At the close of 2022, the report from the Presidential Commission of inquiry into the review of the constitution of Botswana was published for the public to read. The commission spent 6 months travelling across the country collating views from Batswana on how they want their constitution to be framed. At the end of this tour, the commission then consulted various interest groups including LEGABIBO.

During the course of tour, LEGABIBO published a number of articles urging members of the LGBTIQ+ community to attend the constitutional review sessions, educated the community on the process and their rights. LEGABIBO managed to have members of the LGBTIQ+ community attend 37 of the dates on the commission’s itinerary. Of the dates attended submissions were made at 29 of the dates. Beyond these dates, people across the country were also mobilized to send in letters in their various districts.

During the constitutional review process, LEGABIBO educated members of the LGBTIQ+ community in more than 50 locations about the constitutional review process and their rights. There were also collaborations with other stakeholders such as the UPR NGO Working Group to ensure LGBTIQ+ rights are advocated for. Pastors also enlisted LEGABIBO’s help to ensure they properly advocate for LGBTIQ+ persons rights.

It is important to note that challenges arose from interacting with this process; to begin with, there was discrimination at these sessions. Old men and women across the country vehemently expressed their anti - LGBT views, some even threatening to make members of the commission disappear if they allowed same sex marriages. These views made it difficult for people to show up and advocate for LGBTIQ+ rights. In some of the areas where LEGABIBO was present to assist locals, some of the speakers backed out due to these views. One such instance was in Ghanzi where members of the LGBTIQ+ community had agreed to be present at the Kgotla but withdrew last minute due to the fear they had of the society they live in. LEGABIBO then hosted a 2-day workshop with community leaders in Ghanzi to educate them on LGBTIQ+ issues; to build a relationship between them and LGBTIQ+ identifying individuals.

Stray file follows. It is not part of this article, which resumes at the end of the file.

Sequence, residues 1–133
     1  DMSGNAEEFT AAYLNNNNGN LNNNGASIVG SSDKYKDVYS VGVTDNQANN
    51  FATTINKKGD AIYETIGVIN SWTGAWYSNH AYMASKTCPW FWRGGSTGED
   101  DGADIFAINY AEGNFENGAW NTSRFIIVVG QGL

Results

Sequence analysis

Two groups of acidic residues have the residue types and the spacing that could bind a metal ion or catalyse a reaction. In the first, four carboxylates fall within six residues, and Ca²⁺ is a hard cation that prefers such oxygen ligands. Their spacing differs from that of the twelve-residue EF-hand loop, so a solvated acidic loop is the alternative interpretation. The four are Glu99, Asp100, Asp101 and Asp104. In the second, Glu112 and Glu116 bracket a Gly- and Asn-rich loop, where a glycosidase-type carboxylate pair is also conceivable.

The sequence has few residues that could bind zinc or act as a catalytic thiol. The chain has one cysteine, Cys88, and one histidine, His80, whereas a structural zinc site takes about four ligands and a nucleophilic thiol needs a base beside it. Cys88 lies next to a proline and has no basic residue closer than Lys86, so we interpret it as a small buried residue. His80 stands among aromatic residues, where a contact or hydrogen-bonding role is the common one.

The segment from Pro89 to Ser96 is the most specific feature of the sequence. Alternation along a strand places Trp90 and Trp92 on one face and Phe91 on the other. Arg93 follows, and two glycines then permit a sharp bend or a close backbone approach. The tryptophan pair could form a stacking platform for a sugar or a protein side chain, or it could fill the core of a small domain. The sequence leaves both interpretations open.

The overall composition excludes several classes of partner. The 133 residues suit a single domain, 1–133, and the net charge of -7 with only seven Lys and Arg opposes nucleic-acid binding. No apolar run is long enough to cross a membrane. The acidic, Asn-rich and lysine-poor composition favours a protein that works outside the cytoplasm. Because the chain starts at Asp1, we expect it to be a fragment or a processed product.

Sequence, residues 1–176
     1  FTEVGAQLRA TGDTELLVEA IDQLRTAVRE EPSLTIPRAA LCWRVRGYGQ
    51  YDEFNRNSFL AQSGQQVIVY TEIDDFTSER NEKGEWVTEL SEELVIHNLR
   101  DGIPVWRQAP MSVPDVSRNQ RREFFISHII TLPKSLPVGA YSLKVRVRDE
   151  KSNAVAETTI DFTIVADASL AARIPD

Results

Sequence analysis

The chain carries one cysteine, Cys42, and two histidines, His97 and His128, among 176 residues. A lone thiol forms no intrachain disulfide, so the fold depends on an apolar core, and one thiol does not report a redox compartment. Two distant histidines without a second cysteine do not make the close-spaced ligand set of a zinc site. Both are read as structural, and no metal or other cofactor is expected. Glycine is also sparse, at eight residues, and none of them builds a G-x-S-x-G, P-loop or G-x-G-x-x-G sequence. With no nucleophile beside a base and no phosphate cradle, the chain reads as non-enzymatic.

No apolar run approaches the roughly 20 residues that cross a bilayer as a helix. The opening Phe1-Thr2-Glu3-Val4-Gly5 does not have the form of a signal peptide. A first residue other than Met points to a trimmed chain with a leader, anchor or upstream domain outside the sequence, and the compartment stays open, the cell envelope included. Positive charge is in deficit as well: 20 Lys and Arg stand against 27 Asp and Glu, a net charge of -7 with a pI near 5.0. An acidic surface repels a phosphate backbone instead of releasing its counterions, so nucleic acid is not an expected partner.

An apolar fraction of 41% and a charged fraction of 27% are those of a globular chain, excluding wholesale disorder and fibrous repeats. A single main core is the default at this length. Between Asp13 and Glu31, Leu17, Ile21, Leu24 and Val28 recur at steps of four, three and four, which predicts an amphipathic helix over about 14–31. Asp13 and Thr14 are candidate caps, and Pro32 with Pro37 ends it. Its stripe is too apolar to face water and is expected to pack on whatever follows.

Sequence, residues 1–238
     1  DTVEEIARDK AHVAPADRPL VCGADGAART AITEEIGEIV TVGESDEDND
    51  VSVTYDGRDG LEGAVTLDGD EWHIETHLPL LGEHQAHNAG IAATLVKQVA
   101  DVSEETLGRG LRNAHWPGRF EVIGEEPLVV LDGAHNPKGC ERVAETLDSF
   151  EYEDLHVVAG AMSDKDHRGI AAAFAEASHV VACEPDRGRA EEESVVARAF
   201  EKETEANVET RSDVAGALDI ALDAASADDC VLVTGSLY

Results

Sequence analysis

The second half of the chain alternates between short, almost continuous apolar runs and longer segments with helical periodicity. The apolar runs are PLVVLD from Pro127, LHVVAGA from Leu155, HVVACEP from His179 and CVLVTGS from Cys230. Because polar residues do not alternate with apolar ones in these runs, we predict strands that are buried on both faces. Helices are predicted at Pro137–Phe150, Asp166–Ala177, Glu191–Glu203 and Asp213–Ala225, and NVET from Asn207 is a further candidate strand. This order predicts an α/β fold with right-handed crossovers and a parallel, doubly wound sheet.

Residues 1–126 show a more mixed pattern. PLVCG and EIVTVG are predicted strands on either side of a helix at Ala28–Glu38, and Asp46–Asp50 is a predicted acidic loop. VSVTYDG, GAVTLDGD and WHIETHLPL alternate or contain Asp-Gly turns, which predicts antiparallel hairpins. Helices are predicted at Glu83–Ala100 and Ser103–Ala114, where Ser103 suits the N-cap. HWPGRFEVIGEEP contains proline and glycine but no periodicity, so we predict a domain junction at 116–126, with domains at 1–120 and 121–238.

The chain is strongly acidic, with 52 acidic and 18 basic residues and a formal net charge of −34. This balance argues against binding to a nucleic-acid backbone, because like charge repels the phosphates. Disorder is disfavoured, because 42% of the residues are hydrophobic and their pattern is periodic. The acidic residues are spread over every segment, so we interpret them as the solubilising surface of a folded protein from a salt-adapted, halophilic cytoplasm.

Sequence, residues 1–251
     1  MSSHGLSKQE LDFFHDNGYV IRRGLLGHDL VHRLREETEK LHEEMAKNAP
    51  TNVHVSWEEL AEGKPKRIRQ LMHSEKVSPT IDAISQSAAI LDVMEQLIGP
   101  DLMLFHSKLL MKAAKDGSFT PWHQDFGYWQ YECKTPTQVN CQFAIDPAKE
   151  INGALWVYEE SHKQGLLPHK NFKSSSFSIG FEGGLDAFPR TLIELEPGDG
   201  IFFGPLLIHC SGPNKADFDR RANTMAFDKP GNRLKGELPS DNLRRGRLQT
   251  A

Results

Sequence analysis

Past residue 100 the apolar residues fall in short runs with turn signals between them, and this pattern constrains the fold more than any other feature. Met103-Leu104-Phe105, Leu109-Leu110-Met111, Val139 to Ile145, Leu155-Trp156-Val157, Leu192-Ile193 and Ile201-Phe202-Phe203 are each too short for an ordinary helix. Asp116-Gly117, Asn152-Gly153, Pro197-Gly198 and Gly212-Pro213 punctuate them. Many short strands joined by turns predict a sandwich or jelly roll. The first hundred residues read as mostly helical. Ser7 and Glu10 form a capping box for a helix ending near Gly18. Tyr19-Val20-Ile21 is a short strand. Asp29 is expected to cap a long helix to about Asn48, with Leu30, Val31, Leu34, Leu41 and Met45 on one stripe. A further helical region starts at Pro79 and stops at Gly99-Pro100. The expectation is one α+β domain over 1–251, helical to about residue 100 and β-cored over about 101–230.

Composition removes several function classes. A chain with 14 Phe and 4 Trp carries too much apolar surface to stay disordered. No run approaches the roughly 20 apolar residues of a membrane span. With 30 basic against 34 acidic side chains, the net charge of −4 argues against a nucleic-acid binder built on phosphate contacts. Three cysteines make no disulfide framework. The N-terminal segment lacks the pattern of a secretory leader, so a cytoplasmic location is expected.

It also did not help that these sessions were held in the Kgotla where LGBTIQ+ identifying individuals did not feel safe. There were instances like in Parakarungu where trans identifying individuals were not allowed to enter the kgotla for the interest group session because they were wearing certain items of clothing. The chairperson of the commission would even note that the Kgotla may not be the space for talking about certain issues but the commission would then host the interest group session that was supposed to be a safe space in the Kgotla.

Furthermore, the secretariat would also deny some members of the LGBTIQ+ community an opportunity to speak. One such incident was in Shakawe when a local gay man was told to sit down because somebody had already spoken for LGBTIQ+ rights and this decision was not cognizant of how multifaceted LGBTIQ+ issues are. One presenter cannot cover all the necessary issues. This continued throughout the process; it happened in Mochudi, Maun, Serowe, Francistown and other areas. LGBTIQ+ identifying individuals had to resort to submitting letters. This meant that the religious voices were more prominent, as they were also allowed free terrain to talk about their anti-LGBT views. They would allow more than one person to express anti-lgbt views in a sitting but limiting LGBT advocates to 1 person.

It was very disappointing to then see the report collated by the commission have no nuance of the varying issues affecting the LGBTQ+ community. The report also did not submit that the constitution should explicitly protect the LGBTQ+ community from non-discrimination. Even with decriminalization case judgement and the anti-LGBT views expressed at these sessions, the commission did not see the need for our constitution to protect the LGBTQ+. The only reason given was that section 3 and 15 afford every individual protection which shows the commission chose to ignore how LGBTIQ+ individuals have had to use judicial redress to access certain rights.

It is commendable that they did ask that intersex individuals be afforded constitutional protection however the same protection could have been afforded to trans Individuals.

As the constitutional review process is still on-going, we still hope that our political leaders will be more in tune with the pleas of the LGBTIQ+ community and afford them constitutional protection. The commission failed in this regard.